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For centuries historians and treasure seekers have searched for the burial site of history's most famous conqueror. New findings offer compelling evidence that it's been found. Oliver Steed reports
IN the 800 years since his death, people have sought in vain for the grave of Genghis Khan, the 13th-century conqueror and imperial ruler who, at the time of his death, occupied the largest contiguous empire, stretching from the Caspian Sea to the Pacific. In capturing most of central Asia and China, his armies killed and pillaged, but also forged new links between East and West. One of history's most brilliant and ruthless leaders, Khan remade the world.
But while the life of the conqueror is the stuff of legend, his death is shrouded in the mist of myths. Some historians believe he died from wounds sustained in battle; others that he fell off his horse or died from illness. And his final burial place has never been found. At the time great steps were taken to hide the grave to protect it from potential grave robbers. Tomb hunters have little to go on, given the dearth of primary historical sources. Legend has it that Khan's funeral escort killed anyone who crossed their path to conceal where the conqueror was buried. Those who constructed the funeral tomb were also killed - as were the soldiers who killed them. One historical source holds that 10,000 horsemen "trampled the ground so as to make it even"; another that a forest was planted over the site, a river diverted.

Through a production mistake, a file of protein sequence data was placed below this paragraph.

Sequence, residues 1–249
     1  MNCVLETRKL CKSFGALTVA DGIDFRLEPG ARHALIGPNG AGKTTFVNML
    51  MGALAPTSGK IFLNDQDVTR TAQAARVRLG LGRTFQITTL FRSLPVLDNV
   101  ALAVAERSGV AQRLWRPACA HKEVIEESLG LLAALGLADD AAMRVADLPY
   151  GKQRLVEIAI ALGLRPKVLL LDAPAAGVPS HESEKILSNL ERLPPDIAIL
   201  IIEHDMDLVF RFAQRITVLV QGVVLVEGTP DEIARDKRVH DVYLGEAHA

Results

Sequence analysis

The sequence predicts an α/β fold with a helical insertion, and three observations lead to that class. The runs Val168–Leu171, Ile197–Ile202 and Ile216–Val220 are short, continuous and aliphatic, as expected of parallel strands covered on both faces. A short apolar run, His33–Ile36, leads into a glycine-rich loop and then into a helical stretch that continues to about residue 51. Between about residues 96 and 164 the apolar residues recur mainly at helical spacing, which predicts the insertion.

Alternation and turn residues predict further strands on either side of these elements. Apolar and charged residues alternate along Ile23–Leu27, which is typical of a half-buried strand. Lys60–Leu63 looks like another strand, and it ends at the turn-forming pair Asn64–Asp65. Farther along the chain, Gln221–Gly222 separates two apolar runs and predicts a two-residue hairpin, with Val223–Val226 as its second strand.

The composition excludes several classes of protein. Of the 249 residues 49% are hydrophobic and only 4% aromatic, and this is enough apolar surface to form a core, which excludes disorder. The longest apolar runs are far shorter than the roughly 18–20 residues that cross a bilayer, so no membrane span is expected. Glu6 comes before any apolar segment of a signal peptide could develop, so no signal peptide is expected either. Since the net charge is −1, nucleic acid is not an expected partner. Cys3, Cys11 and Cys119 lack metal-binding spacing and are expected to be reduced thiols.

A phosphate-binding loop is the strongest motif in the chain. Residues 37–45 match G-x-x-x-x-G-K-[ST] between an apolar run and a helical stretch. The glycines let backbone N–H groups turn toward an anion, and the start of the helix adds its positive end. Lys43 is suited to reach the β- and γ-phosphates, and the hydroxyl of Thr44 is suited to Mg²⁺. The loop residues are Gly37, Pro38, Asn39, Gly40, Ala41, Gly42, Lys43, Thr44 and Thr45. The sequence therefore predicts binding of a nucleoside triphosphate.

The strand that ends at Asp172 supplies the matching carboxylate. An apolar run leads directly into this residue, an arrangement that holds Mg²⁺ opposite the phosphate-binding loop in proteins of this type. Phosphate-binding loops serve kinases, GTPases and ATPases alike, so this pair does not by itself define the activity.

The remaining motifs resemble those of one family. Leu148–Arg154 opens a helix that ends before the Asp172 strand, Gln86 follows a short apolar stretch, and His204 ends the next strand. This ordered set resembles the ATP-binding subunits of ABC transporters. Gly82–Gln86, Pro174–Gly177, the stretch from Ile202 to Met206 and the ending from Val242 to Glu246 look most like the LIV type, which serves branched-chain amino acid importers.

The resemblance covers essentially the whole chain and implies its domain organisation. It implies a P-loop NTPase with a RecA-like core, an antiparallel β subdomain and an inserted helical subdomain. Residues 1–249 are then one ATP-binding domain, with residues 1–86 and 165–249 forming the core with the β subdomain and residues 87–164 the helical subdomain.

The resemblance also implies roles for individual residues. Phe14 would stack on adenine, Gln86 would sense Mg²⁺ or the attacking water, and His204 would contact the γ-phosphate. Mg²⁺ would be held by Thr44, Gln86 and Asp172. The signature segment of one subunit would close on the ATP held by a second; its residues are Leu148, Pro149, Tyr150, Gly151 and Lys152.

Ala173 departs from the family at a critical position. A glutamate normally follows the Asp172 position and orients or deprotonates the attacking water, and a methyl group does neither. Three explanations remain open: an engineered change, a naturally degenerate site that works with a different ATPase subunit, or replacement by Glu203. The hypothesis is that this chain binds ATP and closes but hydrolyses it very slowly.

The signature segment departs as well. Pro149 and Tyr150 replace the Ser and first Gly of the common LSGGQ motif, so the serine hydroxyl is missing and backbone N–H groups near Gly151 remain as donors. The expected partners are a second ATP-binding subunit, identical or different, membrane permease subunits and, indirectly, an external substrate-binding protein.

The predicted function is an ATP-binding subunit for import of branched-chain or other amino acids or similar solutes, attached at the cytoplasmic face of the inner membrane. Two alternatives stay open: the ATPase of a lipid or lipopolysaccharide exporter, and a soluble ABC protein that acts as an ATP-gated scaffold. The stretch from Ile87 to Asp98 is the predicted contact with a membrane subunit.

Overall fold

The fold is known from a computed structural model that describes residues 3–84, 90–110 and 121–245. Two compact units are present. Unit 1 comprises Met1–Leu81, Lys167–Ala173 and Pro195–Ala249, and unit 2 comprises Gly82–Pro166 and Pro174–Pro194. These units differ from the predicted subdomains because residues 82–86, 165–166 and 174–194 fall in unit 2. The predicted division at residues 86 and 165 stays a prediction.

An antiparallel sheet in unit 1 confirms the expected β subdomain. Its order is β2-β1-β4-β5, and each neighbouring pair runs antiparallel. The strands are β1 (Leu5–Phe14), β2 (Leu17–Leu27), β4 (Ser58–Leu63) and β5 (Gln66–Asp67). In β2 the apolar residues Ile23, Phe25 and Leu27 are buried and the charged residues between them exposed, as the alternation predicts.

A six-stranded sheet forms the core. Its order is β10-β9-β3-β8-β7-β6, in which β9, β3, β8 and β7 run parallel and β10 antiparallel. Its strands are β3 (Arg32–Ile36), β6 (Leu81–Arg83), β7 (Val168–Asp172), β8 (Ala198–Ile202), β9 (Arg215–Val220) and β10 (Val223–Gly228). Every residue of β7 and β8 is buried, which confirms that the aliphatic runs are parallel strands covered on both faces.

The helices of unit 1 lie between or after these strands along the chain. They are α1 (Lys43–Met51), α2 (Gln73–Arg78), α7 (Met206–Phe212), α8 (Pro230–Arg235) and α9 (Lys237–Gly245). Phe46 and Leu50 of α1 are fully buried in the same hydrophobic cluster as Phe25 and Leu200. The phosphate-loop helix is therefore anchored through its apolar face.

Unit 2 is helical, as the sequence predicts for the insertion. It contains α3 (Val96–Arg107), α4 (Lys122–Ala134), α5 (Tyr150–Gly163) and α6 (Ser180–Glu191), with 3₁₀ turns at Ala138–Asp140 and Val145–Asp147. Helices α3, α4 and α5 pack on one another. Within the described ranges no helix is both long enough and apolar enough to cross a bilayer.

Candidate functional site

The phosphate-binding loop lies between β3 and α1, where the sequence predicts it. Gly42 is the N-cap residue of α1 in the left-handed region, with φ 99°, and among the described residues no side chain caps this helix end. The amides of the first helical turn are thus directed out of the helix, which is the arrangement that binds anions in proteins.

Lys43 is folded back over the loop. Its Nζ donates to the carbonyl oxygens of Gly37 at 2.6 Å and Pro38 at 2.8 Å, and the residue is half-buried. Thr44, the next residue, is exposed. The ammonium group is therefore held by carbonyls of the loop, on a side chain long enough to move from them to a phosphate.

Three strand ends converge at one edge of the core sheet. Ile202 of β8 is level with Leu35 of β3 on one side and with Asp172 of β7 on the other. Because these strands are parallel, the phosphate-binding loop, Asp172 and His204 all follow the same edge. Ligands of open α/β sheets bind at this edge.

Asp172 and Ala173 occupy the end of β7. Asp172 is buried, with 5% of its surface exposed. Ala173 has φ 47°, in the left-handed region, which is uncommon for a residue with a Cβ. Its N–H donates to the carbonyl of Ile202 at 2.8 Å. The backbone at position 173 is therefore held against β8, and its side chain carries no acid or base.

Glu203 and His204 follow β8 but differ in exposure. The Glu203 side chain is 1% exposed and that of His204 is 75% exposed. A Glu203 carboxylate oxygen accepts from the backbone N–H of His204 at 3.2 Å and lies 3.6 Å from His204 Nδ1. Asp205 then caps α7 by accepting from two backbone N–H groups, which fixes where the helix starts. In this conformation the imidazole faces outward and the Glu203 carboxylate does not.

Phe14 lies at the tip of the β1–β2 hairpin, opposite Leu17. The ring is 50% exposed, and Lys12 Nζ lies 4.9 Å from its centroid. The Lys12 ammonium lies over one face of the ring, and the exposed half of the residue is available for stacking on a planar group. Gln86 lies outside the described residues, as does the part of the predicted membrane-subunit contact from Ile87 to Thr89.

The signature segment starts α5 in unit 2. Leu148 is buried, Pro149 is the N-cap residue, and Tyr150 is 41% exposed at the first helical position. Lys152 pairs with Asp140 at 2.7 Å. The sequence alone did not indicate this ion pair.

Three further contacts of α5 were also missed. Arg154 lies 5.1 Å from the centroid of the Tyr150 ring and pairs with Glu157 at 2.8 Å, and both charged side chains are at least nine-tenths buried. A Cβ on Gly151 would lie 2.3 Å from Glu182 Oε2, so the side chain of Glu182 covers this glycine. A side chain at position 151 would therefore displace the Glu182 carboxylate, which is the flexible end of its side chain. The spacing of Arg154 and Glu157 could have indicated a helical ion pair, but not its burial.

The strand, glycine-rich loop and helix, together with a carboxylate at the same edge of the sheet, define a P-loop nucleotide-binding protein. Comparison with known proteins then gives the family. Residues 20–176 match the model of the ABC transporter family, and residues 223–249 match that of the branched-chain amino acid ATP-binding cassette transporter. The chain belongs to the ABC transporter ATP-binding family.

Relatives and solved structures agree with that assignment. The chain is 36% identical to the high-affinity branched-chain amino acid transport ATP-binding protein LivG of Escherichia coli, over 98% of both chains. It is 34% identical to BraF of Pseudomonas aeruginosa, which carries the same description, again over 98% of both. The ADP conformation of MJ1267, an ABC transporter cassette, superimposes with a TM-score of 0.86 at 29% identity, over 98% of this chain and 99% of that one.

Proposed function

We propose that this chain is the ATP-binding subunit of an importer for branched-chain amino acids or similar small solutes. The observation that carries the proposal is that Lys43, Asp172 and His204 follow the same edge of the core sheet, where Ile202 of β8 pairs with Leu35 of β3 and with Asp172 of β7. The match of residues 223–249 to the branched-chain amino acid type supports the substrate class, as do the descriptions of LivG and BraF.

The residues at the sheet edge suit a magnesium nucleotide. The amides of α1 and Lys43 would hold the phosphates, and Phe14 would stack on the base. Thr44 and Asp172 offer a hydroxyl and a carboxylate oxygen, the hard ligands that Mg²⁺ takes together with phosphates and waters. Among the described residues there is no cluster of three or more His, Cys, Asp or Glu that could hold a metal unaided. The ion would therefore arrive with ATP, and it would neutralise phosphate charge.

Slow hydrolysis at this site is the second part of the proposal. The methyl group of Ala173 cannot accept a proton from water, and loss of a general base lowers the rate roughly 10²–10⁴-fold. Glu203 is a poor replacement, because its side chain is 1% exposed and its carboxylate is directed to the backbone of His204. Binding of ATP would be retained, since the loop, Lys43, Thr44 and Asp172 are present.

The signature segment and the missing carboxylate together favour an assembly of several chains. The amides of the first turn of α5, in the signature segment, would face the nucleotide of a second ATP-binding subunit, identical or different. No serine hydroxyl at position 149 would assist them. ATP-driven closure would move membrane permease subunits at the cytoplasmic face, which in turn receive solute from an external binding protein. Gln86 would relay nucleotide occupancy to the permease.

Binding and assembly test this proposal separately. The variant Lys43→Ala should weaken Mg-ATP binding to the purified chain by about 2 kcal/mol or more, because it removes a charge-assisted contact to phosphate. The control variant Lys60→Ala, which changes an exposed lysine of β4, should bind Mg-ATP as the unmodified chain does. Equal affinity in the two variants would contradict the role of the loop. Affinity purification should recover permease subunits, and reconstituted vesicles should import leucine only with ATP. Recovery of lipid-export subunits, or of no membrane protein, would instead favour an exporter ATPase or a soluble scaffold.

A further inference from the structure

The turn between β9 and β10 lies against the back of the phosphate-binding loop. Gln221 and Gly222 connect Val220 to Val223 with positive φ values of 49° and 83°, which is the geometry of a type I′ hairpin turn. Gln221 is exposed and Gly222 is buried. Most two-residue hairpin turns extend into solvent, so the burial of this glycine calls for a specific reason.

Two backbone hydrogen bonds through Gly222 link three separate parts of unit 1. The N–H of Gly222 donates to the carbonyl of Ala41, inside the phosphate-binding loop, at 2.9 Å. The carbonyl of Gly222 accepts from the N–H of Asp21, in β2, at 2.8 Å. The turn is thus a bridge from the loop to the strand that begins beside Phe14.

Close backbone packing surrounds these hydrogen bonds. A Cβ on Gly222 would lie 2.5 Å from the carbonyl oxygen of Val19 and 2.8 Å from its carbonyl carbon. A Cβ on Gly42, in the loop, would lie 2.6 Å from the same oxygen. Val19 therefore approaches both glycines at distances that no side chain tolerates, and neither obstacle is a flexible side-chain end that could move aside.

Scholars still debate the balance between fact and fiction, as accounts were forged and distorted. But many historians believe that Khan wasn't buried alone: his successors are thought to have been entombed with him in a vast necropolis, possibly containing treasures and loot from his extensive conquests.
Germans, Japanese, Americans, Russians, and the British all have led expeditions in search of his grave, spending millions of dollars. All have failed. The location of the tomb has been one of archeology's most enduring mysteries.
A multidisciplinary research project uniting scientists in America with Mongolian scholars and archeologists has the first compelling evidence of the location of Khan's burial site and the necropolis of the Mongol imperial family on a mountain range in a remote area in northwestern Mongolia.
Among the discoveries by the team are the foundations of what appears to be a large structure from the 13th or 14th century, in an area that has historically been associated with this grave. Scientists have also found a wide range of artifacts that include arrowheads, porcelain, and a variety of building material.
"Everything lines up in a very compelling way," says Albert Lin, National Geographic
explorer and principal investigator of the project, in an exclusive interview with Newsweek.